A new study by American Cancer Society investigators finds workers at organizations with fewer than 25 employees are less likely to have been screened for three cancers, as were people working in certain occupations. The study appears in Preventive Medicine.
Background: Cancer screening patterns according to occupation characteristics in the United States are not well known, but could be used to help inform cancer control efforts.
Study: Investigators led by Stacey Fedewa, Ph.D. at the American Cancer Society examined screening rates for cervical, breast, and colorectal cancer by occupational characteristics in 2010, 2013 and 2015 using National Health Interview Surveys (NHIS) among eligible US workers.
Results: Cervical, breast and colorectal cancer screening prevalence among US workers was 84.0%, 68.9%, and 56.8%, respectively. Screening rates were lower among workers in small (< 25 employees) compared to large organizations (? 500 employees). People in food service, construction, production, and sales occupations were 13-26%, 17-28% and 9-30% less likely to be up to date with cervical, breast, and colorectal cancer screening, respectively, compared to healthcare professionals. After adjusting for socioeconomic factors and insurance status, most of the difference was eliminated.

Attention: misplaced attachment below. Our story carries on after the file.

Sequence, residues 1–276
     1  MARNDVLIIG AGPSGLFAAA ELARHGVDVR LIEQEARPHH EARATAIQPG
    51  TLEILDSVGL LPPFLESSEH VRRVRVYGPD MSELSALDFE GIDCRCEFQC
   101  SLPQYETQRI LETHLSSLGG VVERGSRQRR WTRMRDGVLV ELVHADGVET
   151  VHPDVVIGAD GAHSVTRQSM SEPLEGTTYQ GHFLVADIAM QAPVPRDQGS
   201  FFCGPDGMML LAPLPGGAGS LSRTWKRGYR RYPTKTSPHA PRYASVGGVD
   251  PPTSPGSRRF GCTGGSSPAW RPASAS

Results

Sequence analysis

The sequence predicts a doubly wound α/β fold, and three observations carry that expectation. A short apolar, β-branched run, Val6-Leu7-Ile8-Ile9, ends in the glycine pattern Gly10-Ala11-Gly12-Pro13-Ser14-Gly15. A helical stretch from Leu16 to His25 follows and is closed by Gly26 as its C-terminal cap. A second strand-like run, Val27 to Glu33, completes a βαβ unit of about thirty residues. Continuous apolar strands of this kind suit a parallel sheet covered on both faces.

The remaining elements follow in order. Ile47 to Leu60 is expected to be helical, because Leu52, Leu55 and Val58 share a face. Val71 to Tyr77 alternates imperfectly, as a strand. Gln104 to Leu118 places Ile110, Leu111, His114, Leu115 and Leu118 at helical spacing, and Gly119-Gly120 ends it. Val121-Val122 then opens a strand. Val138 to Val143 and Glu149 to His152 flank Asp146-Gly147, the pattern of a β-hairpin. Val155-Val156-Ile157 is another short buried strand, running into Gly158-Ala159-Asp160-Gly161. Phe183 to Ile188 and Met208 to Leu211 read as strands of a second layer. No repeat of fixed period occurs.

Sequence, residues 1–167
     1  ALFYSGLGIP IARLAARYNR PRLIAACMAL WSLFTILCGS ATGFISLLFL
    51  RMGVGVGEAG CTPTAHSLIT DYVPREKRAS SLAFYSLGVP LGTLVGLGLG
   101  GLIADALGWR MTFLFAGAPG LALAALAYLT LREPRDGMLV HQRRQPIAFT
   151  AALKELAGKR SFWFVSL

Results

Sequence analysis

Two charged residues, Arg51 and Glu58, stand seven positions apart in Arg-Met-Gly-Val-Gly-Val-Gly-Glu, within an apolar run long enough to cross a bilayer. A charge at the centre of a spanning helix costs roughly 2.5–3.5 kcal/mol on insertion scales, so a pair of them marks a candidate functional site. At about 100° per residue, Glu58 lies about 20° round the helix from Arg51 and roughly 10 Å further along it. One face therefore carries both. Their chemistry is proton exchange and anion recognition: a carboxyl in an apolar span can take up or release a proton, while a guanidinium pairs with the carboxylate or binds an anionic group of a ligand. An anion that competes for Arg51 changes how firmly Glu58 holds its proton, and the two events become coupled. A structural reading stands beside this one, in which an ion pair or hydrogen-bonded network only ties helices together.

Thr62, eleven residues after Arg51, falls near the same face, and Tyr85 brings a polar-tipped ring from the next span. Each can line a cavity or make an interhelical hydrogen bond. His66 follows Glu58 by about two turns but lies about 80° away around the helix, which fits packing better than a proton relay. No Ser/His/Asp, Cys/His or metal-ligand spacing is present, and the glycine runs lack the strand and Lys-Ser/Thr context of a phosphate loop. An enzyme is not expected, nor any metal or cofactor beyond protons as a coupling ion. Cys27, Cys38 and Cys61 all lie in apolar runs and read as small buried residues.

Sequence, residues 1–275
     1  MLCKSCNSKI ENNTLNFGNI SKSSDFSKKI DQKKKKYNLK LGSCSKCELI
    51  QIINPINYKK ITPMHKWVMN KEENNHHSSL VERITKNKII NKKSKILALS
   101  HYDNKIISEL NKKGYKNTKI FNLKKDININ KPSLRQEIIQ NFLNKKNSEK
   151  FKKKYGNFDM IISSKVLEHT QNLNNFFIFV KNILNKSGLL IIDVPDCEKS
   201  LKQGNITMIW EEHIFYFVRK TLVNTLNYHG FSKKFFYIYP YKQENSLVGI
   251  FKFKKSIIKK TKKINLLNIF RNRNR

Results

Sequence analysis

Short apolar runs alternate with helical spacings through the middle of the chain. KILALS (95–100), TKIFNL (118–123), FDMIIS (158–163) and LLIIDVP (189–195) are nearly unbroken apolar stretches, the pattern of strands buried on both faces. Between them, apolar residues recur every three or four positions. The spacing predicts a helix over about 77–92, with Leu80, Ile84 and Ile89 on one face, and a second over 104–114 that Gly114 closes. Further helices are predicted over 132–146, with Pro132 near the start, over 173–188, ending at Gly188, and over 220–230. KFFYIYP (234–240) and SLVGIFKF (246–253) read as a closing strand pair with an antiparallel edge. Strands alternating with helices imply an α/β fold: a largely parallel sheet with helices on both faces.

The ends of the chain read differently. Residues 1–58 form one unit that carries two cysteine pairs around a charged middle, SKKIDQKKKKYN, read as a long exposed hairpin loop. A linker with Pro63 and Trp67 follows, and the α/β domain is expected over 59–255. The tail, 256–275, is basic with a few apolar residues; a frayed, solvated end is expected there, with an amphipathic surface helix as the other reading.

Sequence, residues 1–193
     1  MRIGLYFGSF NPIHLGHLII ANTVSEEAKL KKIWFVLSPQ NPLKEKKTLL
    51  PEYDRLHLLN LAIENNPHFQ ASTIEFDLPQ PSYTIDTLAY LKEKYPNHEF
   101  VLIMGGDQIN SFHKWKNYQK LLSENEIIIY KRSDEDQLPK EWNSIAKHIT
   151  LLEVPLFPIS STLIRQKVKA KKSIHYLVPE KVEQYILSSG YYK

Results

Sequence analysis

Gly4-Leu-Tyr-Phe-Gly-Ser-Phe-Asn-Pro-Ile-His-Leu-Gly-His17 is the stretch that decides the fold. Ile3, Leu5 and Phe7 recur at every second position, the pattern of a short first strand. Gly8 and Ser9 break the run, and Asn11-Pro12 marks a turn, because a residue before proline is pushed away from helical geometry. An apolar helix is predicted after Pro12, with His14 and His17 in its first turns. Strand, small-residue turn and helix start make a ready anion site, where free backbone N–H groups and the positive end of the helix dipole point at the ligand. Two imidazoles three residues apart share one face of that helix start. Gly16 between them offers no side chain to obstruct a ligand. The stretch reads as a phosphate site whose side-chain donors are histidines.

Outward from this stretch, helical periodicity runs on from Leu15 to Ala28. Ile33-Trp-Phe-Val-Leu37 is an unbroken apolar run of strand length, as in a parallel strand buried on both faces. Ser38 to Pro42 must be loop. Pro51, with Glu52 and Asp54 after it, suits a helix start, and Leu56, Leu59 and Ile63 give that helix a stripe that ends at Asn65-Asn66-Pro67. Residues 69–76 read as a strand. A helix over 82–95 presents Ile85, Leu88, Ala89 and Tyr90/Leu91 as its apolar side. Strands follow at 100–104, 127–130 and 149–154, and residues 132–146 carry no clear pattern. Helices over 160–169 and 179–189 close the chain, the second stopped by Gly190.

Conclusion: Disparities in cancer screening by occupational characteristics were mostly attributed to lower socioeconomic status and lack of insurance. The findings underscore the need for innovative public health strategies to improve cancer screening in vulnerable populations.
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Stacey A. Fedewa et al, Disparities in cancer screening by occupational characteristics, Preventive Medicine (2017). DOI: 10.1016/j.ypmed.2017.10.012